And she's not alone, there are names mentioned alongside her: Addie Masters, Agnes Barrett, who I guess aren't collected either.

    Maggie's beach-sets went very high, particularly the blue one, to a collector who will have had the same reference books in front of her that we've been referencing. But that collector maybe only wants one set. Or that one set plus a suit like the one in the Los Angeles County Museum of Art.

    Ballerino, I think, stands out because of her high levels of idiosyncracy, but I'm guessing she was one of several who aren't recognized now, because they didn't hit the right vein of off-the-rack success in the 50s...

    At least that's how it seems to me right now...

    L
     
  15. noir_boudoir

    noir_boudoir Registered Guest

    and rounding up (well, partly...) - I have some further reading to add.
    I welcome comments on this workshop, as I will be wanting to improve or revise it a little before adding it to my site, and perhaps also as an article for the VFG. Do contribute!

    <center>
    <p align="center">
    <img src="http://archive.noirboudoir.com/uslabels/louella/ballerinobutton.jpg" width="230"></p><center>
    <p align="center">
    <table valign="middle" bgcolor="white" border="0" width=610><tbody><tr><td valign="middle" width=290><p style="line-height: 180%" align="left">
    <font size='2' face='arial'>
    <b><font size="+1"><u>Retrospective...</u></font size></b><br>
    </font></p><p style="line-height: 180%" align="left">
    <font size='2' face='arial'>
    The most visible phase of Ballerino's career is the 40s decade. She is first noted nationally c. 1941. After her success with Jantzen, Louella's fashions are regularly given favourable notice in reports on Californian fashion. She became part of the group of 'Affiliated Fashionists of California' as it crystalized on the national stage in the late 40s, appearing particularly consistently alongside Agnes Barrett, but also, c. 1949-50 with Peggy Hunt, Marjorie Montgomery, Viola Dimmitt and other prominent Californian sportswear firms. <br>Where the personnel of the shows fitted, this group would style themselves 'designing women', although the composition could be fluid.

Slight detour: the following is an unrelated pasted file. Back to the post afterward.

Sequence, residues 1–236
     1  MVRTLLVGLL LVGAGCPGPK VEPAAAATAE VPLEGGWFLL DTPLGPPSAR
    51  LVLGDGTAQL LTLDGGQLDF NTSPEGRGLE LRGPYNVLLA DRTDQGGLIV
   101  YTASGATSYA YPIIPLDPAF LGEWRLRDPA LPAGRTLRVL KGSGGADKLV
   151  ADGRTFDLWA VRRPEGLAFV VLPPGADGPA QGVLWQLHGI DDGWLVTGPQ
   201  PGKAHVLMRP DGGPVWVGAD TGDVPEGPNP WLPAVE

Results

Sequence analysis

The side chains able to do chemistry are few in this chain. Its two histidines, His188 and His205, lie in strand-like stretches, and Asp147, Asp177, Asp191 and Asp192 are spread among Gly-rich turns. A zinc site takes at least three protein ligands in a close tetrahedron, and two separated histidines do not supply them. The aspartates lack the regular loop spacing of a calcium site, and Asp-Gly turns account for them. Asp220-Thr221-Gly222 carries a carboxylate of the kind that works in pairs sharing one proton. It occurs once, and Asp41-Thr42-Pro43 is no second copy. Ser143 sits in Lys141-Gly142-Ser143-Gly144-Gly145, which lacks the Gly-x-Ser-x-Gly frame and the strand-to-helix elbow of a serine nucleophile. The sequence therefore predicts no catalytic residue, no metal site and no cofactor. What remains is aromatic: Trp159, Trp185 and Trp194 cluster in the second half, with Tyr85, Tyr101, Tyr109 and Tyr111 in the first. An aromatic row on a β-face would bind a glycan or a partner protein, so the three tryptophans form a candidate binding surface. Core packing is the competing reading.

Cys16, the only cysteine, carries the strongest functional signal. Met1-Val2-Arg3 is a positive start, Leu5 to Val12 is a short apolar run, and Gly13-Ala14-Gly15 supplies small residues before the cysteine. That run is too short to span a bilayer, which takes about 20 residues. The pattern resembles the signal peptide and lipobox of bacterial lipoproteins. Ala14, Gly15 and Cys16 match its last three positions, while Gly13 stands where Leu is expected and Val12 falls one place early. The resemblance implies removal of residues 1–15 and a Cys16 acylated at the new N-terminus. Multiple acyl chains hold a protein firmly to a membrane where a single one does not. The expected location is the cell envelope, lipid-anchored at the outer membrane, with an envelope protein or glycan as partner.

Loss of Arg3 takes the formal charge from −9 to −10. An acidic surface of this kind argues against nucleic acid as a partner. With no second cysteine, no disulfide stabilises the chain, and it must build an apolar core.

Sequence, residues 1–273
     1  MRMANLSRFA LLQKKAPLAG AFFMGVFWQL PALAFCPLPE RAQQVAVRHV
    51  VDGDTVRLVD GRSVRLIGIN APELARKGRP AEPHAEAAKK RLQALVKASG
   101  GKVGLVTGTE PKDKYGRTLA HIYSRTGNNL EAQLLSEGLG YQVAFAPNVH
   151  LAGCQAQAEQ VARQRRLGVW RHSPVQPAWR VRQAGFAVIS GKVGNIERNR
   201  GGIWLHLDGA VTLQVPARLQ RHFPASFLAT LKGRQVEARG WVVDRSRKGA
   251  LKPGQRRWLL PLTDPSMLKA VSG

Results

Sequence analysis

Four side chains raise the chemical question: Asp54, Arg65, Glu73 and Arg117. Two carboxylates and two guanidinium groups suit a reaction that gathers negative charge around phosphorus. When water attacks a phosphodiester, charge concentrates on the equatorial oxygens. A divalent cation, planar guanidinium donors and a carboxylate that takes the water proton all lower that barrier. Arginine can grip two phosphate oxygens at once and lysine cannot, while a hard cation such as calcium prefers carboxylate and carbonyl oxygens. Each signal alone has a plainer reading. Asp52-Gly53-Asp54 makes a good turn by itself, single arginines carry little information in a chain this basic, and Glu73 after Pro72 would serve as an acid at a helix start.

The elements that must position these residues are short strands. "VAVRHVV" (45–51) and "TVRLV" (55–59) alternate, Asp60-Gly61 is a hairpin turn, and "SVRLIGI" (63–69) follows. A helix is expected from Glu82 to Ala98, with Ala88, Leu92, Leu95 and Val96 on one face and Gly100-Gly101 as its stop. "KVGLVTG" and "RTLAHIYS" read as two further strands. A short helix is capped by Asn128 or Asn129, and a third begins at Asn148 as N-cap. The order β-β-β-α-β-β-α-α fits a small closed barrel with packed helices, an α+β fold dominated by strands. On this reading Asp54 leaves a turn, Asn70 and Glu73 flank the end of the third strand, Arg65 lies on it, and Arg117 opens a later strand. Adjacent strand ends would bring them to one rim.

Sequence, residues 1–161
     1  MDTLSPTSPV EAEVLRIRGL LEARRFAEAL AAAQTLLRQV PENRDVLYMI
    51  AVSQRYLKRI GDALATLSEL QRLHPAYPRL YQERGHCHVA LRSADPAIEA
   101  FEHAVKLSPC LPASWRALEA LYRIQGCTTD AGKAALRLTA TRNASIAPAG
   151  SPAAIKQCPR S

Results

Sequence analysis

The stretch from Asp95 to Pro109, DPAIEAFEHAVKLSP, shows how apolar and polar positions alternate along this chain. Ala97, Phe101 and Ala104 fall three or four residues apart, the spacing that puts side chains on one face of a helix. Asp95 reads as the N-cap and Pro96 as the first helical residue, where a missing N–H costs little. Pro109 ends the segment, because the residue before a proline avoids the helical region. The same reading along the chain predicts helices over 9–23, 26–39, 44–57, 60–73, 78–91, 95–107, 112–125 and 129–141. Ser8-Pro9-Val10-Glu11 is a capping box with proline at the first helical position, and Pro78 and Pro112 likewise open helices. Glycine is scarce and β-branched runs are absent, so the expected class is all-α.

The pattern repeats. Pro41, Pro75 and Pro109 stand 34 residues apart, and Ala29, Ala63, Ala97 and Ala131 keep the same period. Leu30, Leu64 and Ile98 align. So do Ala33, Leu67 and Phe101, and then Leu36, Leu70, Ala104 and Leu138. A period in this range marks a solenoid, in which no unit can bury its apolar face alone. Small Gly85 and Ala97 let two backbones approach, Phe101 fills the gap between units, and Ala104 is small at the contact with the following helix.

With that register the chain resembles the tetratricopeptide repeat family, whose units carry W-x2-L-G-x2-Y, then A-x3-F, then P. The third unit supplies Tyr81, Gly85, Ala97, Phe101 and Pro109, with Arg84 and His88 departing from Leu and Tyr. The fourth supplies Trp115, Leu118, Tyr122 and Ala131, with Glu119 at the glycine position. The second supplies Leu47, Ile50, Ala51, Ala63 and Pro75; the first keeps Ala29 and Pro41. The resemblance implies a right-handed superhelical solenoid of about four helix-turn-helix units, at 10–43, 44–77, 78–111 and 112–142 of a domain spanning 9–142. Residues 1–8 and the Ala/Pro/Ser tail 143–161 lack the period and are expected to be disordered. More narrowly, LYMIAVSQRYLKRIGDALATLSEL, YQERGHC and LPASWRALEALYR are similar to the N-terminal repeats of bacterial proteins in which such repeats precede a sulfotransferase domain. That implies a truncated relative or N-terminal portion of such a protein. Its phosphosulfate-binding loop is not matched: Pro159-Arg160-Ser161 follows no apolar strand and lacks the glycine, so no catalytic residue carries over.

Ballerino also appeared outside the umbrella of Californian fashion, showing in New York in themed shows for Bogart's Cotton Shop and Altman's Surf and Sand shop, among others.<br><b>Right:</b> 1948, Ballerino's new matching 'Mother & Daughter' fashions (along with herself) featured in an 'American Cotton' ad;<b>Below Right:</b> 1949, a fashion spread of California resort styles places a Ballerino outfit in 'wines and grays, with olive green' featuring a 'court jester jacket' next to a fringed calico frock by fellow California Fashionista, Agnes Barrett.
    </td><td valign="middle" width=300><p align="center"><img src="http://archive.noirboudoir.com/uslabels/louella/ballerino-americancottonandamericandesigners.jpg" width=300 border=2 alt="mother and daughter set"><font size="-1"><br>Reproduced from 'American Ingenuity'<br><img src="http://archive.noirboudoir.com/uslabels/louella/jesterjacket.jpg" width=300 border=2 alt="Court Jester Jacket in Satin-Finish Cotton"><br><B>F</b>rom the New York Times, Nov 20th 1949</td></tr><tr><td width=290 valign="middle"><p align="center"><font size="-1"><img src="http://archive.noirboudoir.com/uslabels/louella/ballerinopocketdetail.JPG" width=280 border=2><br><font size="-1"><b>C</b>ourtesy of Lizzie Bramlett, reproduced from 'California Casual' by Maureen Reilly</td>
    </td><td valign="middle" width=290><p align="center"><p style="line-height: 180%" align="left"><font size='2' face='arial'>
    But where next? Press references to Louella Ballerino peter out c. 1951-52, just as some of the leisurewear design elements she pioneered had permeated popular fashions country-wide. Her industry collaborations over the years had been interesting but not long-lasting, and it is possible that she dropped off the radar in response to a necessity for wider distribution in the 50s, which she did not, for one reason or another, meet.